"Investigate" has been defined in Oxford Dictionary (supra) as, “to carefully examine the facts of a situation, an event, a crime etc to find out the truth about it or how it happened.”

"Offence" has been defined under Section 2(n) of the CrPC in the following terms:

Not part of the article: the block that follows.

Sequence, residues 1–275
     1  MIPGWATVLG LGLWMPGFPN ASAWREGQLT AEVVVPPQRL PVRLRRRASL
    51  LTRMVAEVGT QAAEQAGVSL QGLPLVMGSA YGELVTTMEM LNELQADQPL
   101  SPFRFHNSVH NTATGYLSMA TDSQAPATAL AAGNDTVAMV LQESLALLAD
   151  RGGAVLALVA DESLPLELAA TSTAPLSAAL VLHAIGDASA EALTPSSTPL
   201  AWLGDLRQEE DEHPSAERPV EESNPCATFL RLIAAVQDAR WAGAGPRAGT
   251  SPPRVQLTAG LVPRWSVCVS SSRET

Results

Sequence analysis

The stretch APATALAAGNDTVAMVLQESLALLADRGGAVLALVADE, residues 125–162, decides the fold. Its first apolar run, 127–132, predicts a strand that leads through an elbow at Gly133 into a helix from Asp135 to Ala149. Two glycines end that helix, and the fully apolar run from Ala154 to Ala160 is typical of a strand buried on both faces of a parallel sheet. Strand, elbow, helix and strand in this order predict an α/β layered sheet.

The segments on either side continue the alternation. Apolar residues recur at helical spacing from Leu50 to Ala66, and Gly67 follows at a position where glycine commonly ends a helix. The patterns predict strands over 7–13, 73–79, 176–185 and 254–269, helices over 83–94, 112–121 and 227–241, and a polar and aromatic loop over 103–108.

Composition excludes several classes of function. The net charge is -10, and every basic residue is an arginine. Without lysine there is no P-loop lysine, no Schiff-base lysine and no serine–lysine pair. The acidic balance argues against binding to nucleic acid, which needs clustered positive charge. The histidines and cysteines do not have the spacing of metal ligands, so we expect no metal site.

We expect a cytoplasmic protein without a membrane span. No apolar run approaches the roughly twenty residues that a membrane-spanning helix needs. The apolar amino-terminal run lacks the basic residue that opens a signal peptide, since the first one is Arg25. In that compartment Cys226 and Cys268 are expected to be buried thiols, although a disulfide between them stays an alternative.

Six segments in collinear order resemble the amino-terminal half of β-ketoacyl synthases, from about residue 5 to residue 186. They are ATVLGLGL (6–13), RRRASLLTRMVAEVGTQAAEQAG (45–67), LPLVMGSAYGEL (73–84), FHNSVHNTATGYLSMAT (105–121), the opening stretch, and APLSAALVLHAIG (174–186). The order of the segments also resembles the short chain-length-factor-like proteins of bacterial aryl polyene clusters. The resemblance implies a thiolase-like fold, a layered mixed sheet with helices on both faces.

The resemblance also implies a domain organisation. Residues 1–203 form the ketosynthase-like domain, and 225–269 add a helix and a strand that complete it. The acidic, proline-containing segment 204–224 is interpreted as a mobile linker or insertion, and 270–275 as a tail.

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“(n)"offence" means any act or omission made punishable by any law for the time being in force and includes any act in respect of which a complaint may be made under Section 20 of the Cattle Trespass Act, 1871 (1 of 1871 );” 'the accused has no right to have any say as regards the manner and method of investigation. Save under certain exceptions under the entire scheme of the Code, the accused has no participation as a matter of right during the course of the investigation of a case instituted on a police report till the investigation culminates in filing of a final report under S. 173(2) of the Code' . The investigating officer is required to examine the facts of a 'situation' or an event/transaction/crime. 23. It is evident that two prayers made by the investigating agency, including the prayer (a), for investigation, have been declined by virtue of the impugned order by way of dismissing the application in totality. Prayer (a) (supra) made in the application through Special Public Prosecutor, NIA has not been allowed. In such circumstances, the only logical conclusion that we can draw is that according to the impugned order, even investigation cannot be carried in regard to the conduct of the respondent/accused. 24. Now, we come to the issue whether at all the respondent should be subjected to investigation. The grounds on which the Special Public Prosecutor filed the application for extension of period of investigation and remand, have been extracted in paragraphs – 27 and 31 of the impugned order. We have carefully gone through the grounds. One of the grounds is that a petition for collecting voice sample of the accused is pending adjudication. Calls were intercepted. Without the voice sample, voice cannot be compared, which would be a critical piece of evidence. Likewise, data from Samsung Tablet is under scrutiny and translation. The accused is required to be confronted with the same. There are other aspects of investigation pointed out on behalf of the Investigating Agency in the appeal which we are not referring for brevity’s sake. 25. Considering the serious nature of accusations and the alleged nature of evidences collected, the matter appears to be rather serious requiring exhaustive investigation. In such circumstances, in the considered opinion of this Court, the right of the investigating agency to investigate cannot be frustrated, in the interest of effective and fair investigation. 26. In view of the above, we hereby direct that operation of the impugned order 16.03.2020 shall remain stayed. The appellant/investigating agency would consider the respondent (who is in detention in another case) to be in custody on remand in the case in hand viz. FIR No. RC-13/2019/NIA-GUW dated 14.12.2019 under Sections 120B, 124A, 153A, 153B of IPC and Sections 18 and 39 of the Unlawful Activities (Prevention) Act, 1967. We direct the Trial Court to forthwith take a decision on the application filed on behalf of the investigating agency for taking voice sample of the respondent Akhil Gogoi. 27. Nothing said hereinabove is an opinion of the Court on merits. Reference to the facts has been made from the pleadings and arguments. No conclusion, either way, has been drawn by this Court. Since operation of the impugned order has been stayed, we would request the Registry to place the matter before the Chief Justice within a week for appropriate orders. 28. Let the matter be listed immediately after decision is rendered by the Larger Bench. 29. Let a copy of the order be released under signatures of the Court Master.